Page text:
Wednesday, September 14, 2005

America's Human Failures:
Why Self-Righteous Denial of Katrina's Reality is the Worst Kind of Crime Against Humanity

I've started seeing those "Let Them Eat Cake" e-mail forwards - these self-loathing, self-absorbed little pieces promoting the idea that New Orleans should be written off as being nothing more than a city full of money-grubbing welfare mothers, gangmembers, and burdens on the rest of society.

One particularly vile piece I received recently talks about about how in 1927, the folks of Louisiana were somehow more American than their modern counterparts, a diatribe against social services, and comments about how the folks in Southeast Louisiana who were stranded should somehow be held accountable for being "dumb" enough to be born poor in the South.

I've fielded questions from regular, everyday folks who ask things along similar lines - loaded questions where people simply seek to justify the imaginary bubble that separates the imaginary self-centered American "me" from the reality of an American "us."

Why didn't these folks just walk out? (A: by the time the confusion really set in, the city, because of gross mismanagement and miscommunication, was cordoned off - no one was allowed in or out by the military forces).

Didn't these people have cars/flood insurance/know that a hurricane was coming? (A: With 24% of the city living below the poverty line, it is impossible not to look at poverty's ugly face - the dillusional belief that everybody can afford a car, insurance, or access to information is merely socioeconomic Xanax that keeps the middle and upperclasses of this country from feeling guilt over abandoning their fellow man in favor of

Why didn't those people expect a hand-out for suffering? (A: Don't think anybody in Miss., La., or Bama's expecting a hand-out; they'd gladly take their jobs, homes, and communities back in exchange. If you think hurricane relief is a "hand-out," then don't come crying if your home ever gets destroyed by Mother Nature.)

For those folks reading who somehow want to still choose to live in the belief that the government did the best it could, that what happened in the Gulf can't possibly happen again, or that the sheer human suffering and chaos in the South won't ever happen to that American Me, well this ain't no goddamned episode of Fear Factor.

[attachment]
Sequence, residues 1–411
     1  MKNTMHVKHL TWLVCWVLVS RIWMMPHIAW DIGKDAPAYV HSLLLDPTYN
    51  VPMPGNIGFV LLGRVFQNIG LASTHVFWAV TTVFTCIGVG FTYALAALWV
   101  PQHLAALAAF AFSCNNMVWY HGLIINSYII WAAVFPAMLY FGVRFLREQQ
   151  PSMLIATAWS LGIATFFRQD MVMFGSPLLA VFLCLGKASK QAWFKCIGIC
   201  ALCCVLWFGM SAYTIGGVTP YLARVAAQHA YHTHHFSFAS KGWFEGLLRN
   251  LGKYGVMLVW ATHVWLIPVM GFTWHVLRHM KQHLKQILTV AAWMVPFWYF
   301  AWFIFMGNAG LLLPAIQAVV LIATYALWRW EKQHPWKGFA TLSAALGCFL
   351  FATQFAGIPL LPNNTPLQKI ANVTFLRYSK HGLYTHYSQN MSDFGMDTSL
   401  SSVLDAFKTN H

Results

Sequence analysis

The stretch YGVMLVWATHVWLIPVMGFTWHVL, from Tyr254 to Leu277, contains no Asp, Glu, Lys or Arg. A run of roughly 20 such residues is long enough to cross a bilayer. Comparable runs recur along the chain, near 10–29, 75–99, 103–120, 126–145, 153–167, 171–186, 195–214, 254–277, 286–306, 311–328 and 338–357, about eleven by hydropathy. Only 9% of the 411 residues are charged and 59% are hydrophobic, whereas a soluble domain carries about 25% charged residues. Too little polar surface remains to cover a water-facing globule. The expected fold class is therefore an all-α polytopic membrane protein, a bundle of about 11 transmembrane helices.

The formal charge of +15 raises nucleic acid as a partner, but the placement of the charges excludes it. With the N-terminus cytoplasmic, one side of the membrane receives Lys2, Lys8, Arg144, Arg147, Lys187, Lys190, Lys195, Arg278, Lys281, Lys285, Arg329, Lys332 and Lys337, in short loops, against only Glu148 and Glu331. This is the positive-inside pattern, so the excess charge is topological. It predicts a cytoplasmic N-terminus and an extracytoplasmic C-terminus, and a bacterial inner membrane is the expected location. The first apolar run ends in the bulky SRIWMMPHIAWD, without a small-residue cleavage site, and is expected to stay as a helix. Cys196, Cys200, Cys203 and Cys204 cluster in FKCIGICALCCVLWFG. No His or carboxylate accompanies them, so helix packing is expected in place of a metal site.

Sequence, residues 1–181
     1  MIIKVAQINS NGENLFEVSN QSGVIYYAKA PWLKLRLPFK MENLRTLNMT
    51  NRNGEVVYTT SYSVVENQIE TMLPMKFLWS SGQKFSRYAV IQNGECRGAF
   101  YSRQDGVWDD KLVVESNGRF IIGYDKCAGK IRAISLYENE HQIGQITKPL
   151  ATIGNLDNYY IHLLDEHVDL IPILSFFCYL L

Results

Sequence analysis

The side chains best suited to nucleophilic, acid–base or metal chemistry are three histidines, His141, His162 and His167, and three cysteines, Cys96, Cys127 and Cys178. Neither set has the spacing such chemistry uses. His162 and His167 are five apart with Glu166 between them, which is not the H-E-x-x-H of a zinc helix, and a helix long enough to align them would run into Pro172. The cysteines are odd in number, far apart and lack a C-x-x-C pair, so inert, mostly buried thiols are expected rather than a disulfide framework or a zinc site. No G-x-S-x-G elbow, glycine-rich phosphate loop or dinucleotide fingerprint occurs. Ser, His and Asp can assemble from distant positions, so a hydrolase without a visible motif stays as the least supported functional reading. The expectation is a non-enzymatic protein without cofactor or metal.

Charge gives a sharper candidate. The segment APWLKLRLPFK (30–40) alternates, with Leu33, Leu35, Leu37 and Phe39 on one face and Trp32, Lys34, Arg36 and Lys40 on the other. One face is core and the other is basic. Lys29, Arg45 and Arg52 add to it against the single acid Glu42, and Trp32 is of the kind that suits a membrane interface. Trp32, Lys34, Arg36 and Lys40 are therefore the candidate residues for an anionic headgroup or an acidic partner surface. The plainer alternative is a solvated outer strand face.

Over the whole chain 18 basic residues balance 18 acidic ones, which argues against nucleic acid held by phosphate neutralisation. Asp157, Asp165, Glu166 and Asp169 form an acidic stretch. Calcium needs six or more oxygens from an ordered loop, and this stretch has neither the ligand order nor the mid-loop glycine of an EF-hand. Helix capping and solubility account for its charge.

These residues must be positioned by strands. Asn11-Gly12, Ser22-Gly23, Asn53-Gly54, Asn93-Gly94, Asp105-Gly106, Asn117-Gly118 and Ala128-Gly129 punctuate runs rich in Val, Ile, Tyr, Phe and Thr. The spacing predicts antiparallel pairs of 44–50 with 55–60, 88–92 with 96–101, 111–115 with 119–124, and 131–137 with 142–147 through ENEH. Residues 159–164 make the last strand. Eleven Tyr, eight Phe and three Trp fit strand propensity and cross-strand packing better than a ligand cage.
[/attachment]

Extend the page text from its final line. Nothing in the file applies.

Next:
There's no changing the channel, there's no "I Gave at Sept. 11th," and there's no hiding behind that facade of "nothing touches me." Doesn't work like that.

The people of New Orleans and the Gulf don't need your pity, they don't need your heartfelt sympathies and condolences, and they sure as hell don't need bullshit apologetics about why you are willing to let your countrymen live in filth for days on end.

This isn't some carwreck on the side of the Interstate, where you keep driving, fascinated just enough to care for a split second, then being able to comfort yourself with excuses at night for failing to stop and offer assistance.

With Katrina and subsequent government response, this is your parents in that carwreck, Louisiana and Mississippi your broken, mangled family. If you have a problem with that imagery, well, when your real kinfolk are bleeding to death on the side of the road, don't expect me or anyone else to stop and help - they were probably too stupid to pay attention to the road anyway, right? Right?

There's no avoiding it by flipping through the channels, listening and espousing bullshit justifications, and no political rhetoric to offer comfort. There's no facade thick enough to hide this kind of tragedy. In the next few months, America will absorb a lot of these good folks, bringing them into their communities, their homes, and into their lives until their hometowns, businesses, and governments get back on their respective feet. And its going to impact every aspect of American life.

There's no time to deal with the "American Me" folks anymore - no coddling and telling them that they don't have to fret, that nothing impacts them except what exists in their own bubble universe, and that somebody else will clean up this mess.

Its our mess. If you're not willing or too full of shit to help, then get the hell out of the way.


Anonymous said...

I've seen some of those too, bro. The ignorance in some parts of America is unbelievable ... people assuming everyone can just up and leave, with no idea of how bad some people have it in the aftermath of decades of social neglect.

I think the majority will continue to care. I would like to believe that most will not pass by the wreckage; they will get out and help. The worry is oversaturation - the 24/7 global media universe - will it cause a burnout? It's actually one of the reasons I've not posted in Katrina in a couple days now - have to find my head in all this, somewhere.

The challenge for all of us right now is a steep one - we are hitting a point where we are beginning to recognize again the world outside of Katrina, and all that is going on there also. We need to find a way to balance it all, so that Katrina and its victims are remembered, and aided, but in the process the rest of the world is not ignored, either. It's a tough one, man ... takes strength. And heart. Hopefully there's still enough of that to go around. Hopefully.

LibraryTavern Liz said...

People are starting to blame the victims. Why? Because the alternative is to see the faults of capitalism.

Anonymous said...

Er, you mean the faults of an oil-centric monopoly of the religious right hiding behind the mask of a notion as vague as capitalism, which, when applied fairly (I know, since when has that been done? Oh yeah, in Canada) is in theory not a bad thing.

Anonymous said...

wrote a post on ALA's rebuilding libraries program. Either of you heard of this? It's pretty cool.

The ZenFo Pro said...

Awesome post dude!